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Document Abstract
Published: 2012

Beyond food security: transforming the PSNP in Ethiopia for the well-being of children

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Using Young Lives survey and qualitative data collected in 2006 and 2009 among rural households and children in Ethiopia, this paper investigates the possible impacts of the Productive Safety Net Programme (PSNP) on children’s well-being and recommends child-focused social protection that goes beyond the PSNP.

The paper draws on data from a survey of 569 rural households and qualitative case studies of 32 households and children living in four rural communities. The quantitative analysis finds that despite an increase in the incidence of economic shocks (such as drought and food-price inflation) and idiosyncratic family-related events such as the illness or death of family members, the value of cash and food transfers in real terms from the PSNP did not improve from 2006 to 2009, and even declined. Therefore the contribution of the PSNP to risk reduction is limited because transfers did not increase in the face of shocks. Moreover, the substitution effect of the Public Work component of the PSNP dominates the income effect and this has caused children to spend more time on paid and unpaid work.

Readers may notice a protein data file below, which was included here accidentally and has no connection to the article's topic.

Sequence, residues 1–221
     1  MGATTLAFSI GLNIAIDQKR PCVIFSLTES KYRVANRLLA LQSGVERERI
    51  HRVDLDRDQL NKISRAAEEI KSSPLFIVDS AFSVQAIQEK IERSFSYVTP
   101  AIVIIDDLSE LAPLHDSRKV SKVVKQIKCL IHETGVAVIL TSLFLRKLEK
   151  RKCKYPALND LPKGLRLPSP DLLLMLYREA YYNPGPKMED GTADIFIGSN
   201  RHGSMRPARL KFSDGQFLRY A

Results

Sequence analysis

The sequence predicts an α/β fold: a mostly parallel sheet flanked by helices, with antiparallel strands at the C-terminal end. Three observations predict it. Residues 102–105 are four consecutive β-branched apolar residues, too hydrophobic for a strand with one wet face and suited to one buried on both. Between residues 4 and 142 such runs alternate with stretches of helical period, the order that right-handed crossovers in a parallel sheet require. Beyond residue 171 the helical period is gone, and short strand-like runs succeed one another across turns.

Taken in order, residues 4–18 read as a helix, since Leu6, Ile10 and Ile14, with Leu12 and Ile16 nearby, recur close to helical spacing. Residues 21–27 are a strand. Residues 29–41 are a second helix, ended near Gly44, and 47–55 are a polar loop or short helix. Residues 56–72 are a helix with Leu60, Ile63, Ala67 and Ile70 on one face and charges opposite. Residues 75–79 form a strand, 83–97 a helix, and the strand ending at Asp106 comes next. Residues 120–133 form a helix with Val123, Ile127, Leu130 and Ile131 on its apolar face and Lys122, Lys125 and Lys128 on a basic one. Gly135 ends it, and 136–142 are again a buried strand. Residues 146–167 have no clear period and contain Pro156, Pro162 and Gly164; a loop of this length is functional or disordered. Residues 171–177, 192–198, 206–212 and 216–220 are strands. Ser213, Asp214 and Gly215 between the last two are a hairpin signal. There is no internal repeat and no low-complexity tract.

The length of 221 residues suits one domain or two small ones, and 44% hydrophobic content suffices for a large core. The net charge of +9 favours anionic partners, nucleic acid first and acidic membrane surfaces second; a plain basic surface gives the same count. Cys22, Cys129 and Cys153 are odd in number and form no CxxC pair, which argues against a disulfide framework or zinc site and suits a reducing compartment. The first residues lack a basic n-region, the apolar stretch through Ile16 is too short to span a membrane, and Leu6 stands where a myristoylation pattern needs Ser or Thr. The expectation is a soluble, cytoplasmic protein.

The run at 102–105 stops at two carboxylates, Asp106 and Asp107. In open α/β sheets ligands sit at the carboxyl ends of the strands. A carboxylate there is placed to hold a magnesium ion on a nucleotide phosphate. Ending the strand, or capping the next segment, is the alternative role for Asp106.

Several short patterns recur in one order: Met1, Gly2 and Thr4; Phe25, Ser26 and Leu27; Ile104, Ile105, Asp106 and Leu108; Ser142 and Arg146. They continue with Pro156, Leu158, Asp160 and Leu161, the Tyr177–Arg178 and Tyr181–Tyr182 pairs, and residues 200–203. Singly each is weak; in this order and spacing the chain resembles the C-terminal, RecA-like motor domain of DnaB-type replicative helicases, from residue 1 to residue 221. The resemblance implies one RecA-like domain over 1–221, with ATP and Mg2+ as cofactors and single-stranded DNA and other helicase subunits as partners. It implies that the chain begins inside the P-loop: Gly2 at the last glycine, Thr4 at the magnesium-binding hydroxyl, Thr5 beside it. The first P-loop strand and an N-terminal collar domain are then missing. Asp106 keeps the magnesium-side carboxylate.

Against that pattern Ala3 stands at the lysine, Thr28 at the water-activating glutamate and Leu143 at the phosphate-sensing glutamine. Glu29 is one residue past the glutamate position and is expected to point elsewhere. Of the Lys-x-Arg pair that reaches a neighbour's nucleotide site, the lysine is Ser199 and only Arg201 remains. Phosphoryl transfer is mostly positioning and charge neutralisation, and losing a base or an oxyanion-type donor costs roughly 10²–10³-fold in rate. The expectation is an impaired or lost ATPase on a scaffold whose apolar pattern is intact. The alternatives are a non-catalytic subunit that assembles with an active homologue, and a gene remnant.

The survey data also show that the Public Work component did not increase the time children spent on schooling and studying at home, while the qualitative data suggested that it had a negative impact on their learning. Insufficiency of PSNP transfers may encourage households to send their children to work for wages. The schooling of children engaged in Public Work and wage labour has been affected and in some cases they have dropped out of school altogether. The existing PSNP could be improved in such a way that it provides Direct Support for schoolchildren so that their schooling may not be hampered. But we argue that the PNSP on its own cannot ensure children’s overall well-being. Though it protects many children from hunger, the PSNP fails to ensure food security, contributes little to poverty reduction and does not guarantee that children attend school. Ensuring children’s well-being and reducing their poverty require thinking beyond the PNSP. The paper concludes that, amid limited resources and contexts of vulnerability to protracted shocks, there is a need for child-focused social protection.
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Y. Tafere (ed); T. Woldehanna (ed)

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